Comprises the very
last week of Jesus' life on Earth.
It began on Palm
Sunday and concluded on the morning of Easter Sunday.
On this day, we declare Jesus
Christ our King! When the time came for our Salvation, He entered
Jerusalem publicly among the people who came to celebrate the Passover
in Jerusalem. When the Lord approached the city, the multitude started
to praise Him with words specified for the coming Messiah saying
“Hosanna in the Highest. This is the King of Israel. Blessed is He, who
comes in the Name of Lord of Hosts.” It was customary that a king riding
a donkey came in peace. One riding a horse came for war. The King of
Peace rode a colt, a new animal, never ridden before. Jesus was a New
King and sat on a new animal. The colt, a symbol of the New Testament,
was ridden for the first time and was accompanied by its mother (Old
Testament) to be tamed. The Lord crowned the Old Testament by the New
Testament. This day was the day that the Jews used to select the lambs
to be slaughtered for Passover. They would keep these lambs for four
days. On this day, they selected the Lord as the sacrificial lamb.
Monday: The Tree of Life
On this day, Jesus Christ
reveals to us His power over all creation. On the way from Bethany to
the temple, the Lord Jesus Christ cursed a fig tree that was full of
leaves but bore no fruit. This was an example of those who called
themselves believers who have a good exterior, but are fruitless. When
the Lord entered the temple, He drove out those who were buying and
selling in it to keep it undefiled. This day, the Lord tells us that as
the Creator, He has the power and the right over all creation. Each
creation is intended for a specific purpose. Man and tree alike are
intended to bear fruit. When they do not bear fruit and only appear to
the world as fruitful, it greatly displeases the Lord.
Tuesday: The Judge of the World
On this day, the
Lord teaches us about the Kingdom of Heaven, and the end of the World.
The Lord talked with the disciples about faith and about the example
made by the fig tree. The Pharisees sought to fight with Him in the
temple, but the Lord used this time to speak to them with parables, such
as the parables of the talents, in which He spoke to them about the Day
Wednesday: Day Of Love and Betrayal
The Lord spends the day in
Bethany. He left the temple on Tuesday evening with no intent of coming
back. On Tuesday, Jesus said to the Jews “your house is left unto you
desolate. For I say unto you ye shall not see me henceforth, till ye
shall say ‘Blessed is he that cometh in the name of the Lord’” (Matt.
23:38,39). Both Matthew 26:6-13 and Mark 14:3-9 tell us about the jar of
spikenard that was spread on Jesus head. The betrayal of Judas the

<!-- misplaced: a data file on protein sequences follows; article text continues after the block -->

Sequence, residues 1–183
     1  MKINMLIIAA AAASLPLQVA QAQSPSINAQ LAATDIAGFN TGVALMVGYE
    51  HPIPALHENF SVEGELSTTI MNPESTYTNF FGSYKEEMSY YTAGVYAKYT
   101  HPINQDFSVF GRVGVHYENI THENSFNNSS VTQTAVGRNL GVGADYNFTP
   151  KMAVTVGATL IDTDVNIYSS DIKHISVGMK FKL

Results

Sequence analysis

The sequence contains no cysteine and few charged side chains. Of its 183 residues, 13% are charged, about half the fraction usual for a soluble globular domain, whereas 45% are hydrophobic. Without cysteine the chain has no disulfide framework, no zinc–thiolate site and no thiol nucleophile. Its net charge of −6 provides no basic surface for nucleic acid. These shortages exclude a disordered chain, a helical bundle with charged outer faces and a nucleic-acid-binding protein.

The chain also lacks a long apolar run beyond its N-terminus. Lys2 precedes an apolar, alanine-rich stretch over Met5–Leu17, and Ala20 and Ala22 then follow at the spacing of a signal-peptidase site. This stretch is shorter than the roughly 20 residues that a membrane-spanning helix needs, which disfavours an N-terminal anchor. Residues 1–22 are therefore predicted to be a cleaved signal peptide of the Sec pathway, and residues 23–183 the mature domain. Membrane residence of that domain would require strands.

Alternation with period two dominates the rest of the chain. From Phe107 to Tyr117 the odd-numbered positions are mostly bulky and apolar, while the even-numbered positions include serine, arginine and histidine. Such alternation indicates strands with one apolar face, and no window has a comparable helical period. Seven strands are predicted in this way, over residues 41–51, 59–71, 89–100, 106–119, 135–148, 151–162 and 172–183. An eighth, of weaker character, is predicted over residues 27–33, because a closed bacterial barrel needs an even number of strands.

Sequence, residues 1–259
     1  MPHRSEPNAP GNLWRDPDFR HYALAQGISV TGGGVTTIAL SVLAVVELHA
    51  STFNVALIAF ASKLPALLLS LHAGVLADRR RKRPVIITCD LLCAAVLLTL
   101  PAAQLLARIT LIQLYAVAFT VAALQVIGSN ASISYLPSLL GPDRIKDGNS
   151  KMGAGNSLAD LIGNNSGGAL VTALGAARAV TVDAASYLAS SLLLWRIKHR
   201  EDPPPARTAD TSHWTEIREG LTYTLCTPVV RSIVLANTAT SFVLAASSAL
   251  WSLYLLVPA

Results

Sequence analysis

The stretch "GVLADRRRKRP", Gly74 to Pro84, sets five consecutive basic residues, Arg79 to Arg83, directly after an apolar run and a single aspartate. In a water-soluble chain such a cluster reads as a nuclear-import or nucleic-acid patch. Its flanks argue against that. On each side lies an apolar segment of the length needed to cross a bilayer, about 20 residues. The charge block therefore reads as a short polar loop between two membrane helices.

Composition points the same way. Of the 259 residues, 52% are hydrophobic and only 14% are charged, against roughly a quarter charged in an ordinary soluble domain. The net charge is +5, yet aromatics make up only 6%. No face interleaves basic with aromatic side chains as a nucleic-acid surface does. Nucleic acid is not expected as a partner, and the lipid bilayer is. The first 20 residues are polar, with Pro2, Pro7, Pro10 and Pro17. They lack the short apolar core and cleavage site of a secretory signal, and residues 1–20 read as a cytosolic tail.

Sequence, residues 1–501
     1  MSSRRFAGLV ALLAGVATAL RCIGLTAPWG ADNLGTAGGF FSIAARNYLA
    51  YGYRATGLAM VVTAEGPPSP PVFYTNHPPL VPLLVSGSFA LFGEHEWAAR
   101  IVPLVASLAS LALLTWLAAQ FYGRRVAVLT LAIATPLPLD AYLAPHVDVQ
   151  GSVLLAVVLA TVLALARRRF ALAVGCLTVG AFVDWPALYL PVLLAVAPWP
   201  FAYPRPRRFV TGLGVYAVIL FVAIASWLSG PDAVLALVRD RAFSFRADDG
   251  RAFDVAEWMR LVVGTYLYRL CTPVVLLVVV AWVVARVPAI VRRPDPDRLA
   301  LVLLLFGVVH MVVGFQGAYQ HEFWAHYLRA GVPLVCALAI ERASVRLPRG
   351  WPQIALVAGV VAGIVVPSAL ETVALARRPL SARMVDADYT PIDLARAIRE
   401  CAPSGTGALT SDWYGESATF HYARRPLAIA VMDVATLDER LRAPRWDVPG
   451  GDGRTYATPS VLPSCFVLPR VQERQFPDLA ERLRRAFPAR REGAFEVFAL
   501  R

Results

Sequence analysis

Iscariot, including his agreement with the chief priests on the price he
would get, is narrated in the four gospels, (Matt. 16:14), (Mark
14:10,11), (Luke 12:3-6) and (John 13:1-3).
Pascha is the word for
“Passover” in all languages. But its meaning lies much deeper than this
direct translation. St. Paul describes the life of Christianity as one
that passes “from glory to glory.” In a similar way, the story of the
Passover increases in intensity, meaning, and holiness throughout the
ages. There are essentially three Passovers: each the fulfillment of
God’s promise to save His people, allowing them to pass over from death
to life. Each are a symbol of the final forgiveness of sins through the
Holy Cross and the Lamb crucified upon its wood. These laws and
commandments of the Old Testament were always “a shadow of the good
things to come” (Hebrews 10:1).
Passover: Overcoming Temptation and Sin
Passover: Faith and Baptism
Passover: The Institution of the Eucharist
FIRST HOUR On Friday, Jesus
began to be judged in front of a series of councils. The chief priests
convened together and condemned the Savior so that they might deliver
Him to Pilate to kill him. (Exposition) False witnesses came forth to
falsely accuse Him. The “fierce witnesses” mentioned in Psalm 35:11
specifically refers to these false witnesses at the trial of Christ.
THIRD HOUR: Via
SIXTH HOUR: The
Taking Down From The Cross
Passover is a joyful
celebration, from which we pass over from death to life, from sin to
holiness, from Hades to Paradise. The glorious Church provides us with
the same path from Good Friday to Easter through Apocalypse Saturday.
This is also called “Bright Saturday” where the church is dressed in
white, and filled with joyful hymns. We can hardly imagine what Eternity
and the eternal life can be like. The answer is given to us this night
when the Church takes us to heaven! Only those of us who have
experienced this night in the church and attended the prayers can tell
about their indescribable happy experience. This is the night of the
passage from death to life. Joyful tunes replace the sad ones. Each tune
starts sadly, then in the middle of it, becomes joyful, as we pass from
death to life.